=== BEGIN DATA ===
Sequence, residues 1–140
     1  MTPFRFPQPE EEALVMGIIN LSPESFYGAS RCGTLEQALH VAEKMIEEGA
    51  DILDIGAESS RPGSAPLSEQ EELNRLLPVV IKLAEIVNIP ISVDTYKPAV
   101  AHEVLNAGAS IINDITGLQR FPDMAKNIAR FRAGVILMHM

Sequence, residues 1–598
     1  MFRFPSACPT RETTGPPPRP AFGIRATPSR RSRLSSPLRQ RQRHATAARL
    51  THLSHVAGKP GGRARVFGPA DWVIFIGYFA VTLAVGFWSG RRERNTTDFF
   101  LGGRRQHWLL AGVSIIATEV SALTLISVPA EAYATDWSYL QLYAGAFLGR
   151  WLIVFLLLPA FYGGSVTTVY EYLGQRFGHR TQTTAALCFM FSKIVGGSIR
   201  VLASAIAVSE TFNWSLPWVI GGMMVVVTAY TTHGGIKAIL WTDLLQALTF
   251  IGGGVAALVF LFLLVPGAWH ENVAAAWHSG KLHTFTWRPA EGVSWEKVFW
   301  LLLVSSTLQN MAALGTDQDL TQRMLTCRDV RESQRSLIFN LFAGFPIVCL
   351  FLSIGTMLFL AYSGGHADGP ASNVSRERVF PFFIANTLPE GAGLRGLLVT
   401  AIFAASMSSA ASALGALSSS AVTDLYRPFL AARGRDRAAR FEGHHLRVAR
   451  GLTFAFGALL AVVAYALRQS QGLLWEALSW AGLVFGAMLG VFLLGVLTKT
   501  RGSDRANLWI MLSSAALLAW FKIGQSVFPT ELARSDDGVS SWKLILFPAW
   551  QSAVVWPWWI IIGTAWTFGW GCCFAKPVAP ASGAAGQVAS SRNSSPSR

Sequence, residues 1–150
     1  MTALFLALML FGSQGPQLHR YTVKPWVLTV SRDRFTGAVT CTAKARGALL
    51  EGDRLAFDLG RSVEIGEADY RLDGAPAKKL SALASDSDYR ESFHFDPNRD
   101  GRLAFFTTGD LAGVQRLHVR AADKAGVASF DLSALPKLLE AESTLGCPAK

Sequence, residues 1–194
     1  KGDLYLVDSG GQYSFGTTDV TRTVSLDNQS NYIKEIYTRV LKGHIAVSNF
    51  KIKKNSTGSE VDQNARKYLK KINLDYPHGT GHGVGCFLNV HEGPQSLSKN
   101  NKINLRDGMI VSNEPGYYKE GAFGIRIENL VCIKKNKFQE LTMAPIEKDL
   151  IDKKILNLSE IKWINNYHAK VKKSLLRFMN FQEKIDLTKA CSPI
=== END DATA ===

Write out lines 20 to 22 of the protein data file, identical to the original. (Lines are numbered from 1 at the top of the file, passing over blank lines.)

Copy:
    51  EGDRLAFDLG RSVEIGEADY RLDGAPAKKL SALASDSDYR ESFHFDPNRD
   101  GRLAFFTTGD LAGVQRLHVR AADKAGVASF DLSALPKLLE AESTLGCPAK

Sequence, residues 1–194